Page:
Inspiration can come from the oddest places – in this case, it all started with a dangerous Facebook drinking game that was spreading worldwide and desperately needed to change. Neknomination, a social media game in which people post videos of themselves drinking ridiculous amounts of alcohol then nominating their friends to do the same, was becoming a global epidemic. As it went viral and friends began to one-up each other (resulting in the deaths of five young men), one man in South Africa named Brent Lindeque posted his own video helping a homeless man.
Josh Stern, a second-year University of Ottawa medical student, came across this video and was instantly inspired. In addition, words from Dr. Andrew Pipe, a key proponent in smoking cessation and health advocacy, stuck in Josh’s head. Dr. Pipe had told Josh and his peers that “if there is a problem that bothers you, think about who’s doing something about it; and if you can’t, then be that person.”
With these words in mind, Josh decided to start his own social media movement called “Feed the Deed” to turn the negative Neknominations around into a positive pay-it-forward campaign. The change was simple – instead of nominating others to become dangerously intoxicated, Josh wanted others to perform a random act of kindness and nominate friends and family to do the same.
After Josh posted his own video to Facebook of him giving food to the homeless with the hashtag #FeedtheDeed, the response he received was extraordinary. His friend Russell Citron, who runs the non-profit organization Kindness Counts, immediately contacted him and the two decided to collaborate on the project in hopes of spreading kindness across the world.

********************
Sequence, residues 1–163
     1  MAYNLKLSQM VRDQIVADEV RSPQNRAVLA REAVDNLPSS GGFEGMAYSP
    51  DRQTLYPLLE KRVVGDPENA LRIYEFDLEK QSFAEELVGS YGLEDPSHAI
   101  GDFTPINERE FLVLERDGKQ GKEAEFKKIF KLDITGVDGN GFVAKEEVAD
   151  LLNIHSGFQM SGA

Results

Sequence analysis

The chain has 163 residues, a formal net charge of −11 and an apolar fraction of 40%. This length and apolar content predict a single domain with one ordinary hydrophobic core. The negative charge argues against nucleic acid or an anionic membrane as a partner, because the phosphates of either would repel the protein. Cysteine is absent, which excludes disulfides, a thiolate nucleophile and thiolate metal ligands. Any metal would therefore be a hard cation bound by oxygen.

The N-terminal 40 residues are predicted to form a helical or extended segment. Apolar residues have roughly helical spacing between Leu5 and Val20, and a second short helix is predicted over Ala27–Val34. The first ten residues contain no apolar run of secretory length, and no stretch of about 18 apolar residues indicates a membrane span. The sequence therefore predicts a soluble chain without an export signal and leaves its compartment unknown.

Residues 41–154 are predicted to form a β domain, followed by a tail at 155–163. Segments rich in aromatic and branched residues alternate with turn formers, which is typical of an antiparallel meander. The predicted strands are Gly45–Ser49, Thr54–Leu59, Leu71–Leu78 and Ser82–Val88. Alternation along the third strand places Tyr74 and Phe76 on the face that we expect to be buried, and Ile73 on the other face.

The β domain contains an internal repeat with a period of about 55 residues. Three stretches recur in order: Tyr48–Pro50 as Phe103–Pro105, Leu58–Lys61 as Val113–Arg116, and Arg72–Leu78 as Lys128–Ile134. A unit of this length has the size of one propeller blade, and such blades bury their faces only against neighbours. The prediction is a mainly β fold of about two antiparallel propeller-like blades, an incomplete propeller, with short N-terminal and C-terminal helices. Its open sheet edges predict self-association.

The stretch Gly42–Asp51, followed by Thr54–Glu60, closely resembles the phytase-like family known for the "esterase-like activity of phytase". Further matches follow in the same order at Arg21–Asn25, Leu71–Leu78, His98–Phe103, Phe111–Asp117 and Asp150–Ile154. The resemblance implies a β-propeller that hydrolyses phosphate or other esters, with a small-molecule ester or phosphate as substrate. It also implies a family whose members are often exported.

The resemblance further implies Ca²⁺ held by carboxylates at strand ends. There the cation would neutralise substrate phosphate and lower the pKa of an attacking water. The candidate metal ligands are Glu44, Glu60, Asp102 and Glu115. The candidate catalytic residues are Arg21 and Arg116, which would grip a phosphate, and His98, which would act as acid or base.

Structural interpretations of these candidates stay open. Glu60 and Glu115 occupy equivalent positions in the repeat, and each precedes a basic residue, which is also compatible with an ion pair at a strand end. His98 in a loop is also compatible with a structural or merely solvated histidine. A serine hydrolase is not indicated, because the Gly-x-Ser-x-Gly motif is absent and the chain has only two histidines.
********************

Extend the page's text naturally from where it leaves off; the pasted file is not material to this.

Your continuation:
In just over 6 weeks, Josh has received over 10,000 #FeedtheDeed posts of individuals performing random acts of kindness from over 30 countries around the globe. These acts range from donating food and clothes to those less fortunate, all the way to people facing their fear of needles to donate blood for the first time.
As a future physician and health advocate, Josh knew that the trend of Neknominations was unhealthy and simply dangerous for today’s youth to participate in. He felt it was important to steer people away from this game and channel their energy into something positive. Celebrities, like singer Nikki Yanofsky and entertainer Harley Morenstein, and companies both large and small have participated in #FeedtheDeed and have used their status to further increase its popularity.
On top of balancing the demands of a medical student, Josh is constantly updating the Kindness Counts Facebook page with #FeedtheDeed submissions. As he watches the #FeedtheDeed videos pour in, Josh feels incredibly humbled by the amazing response his simple idea has achieved. The feedback he has received from both recipients
and participants of the good deeds reminds Josh of the small difference he was able to make in so many people’s lives.
Aside from Josh’s involvement with #FeedtheDeed, he actively participates in school interest groups such as “Students Working Against Tobacco” and “Sun and Skin Safety for Youth” that visit elementary and high schools across Ottawa promoting healthy living. Josh hopes that in his future practice as a physician he continues to make a difference in people’s lives.
For being a leader of change, an inspirational role model to his peers, and a health advocate, Josh has been named OMSA’s March Medical Student of the Month.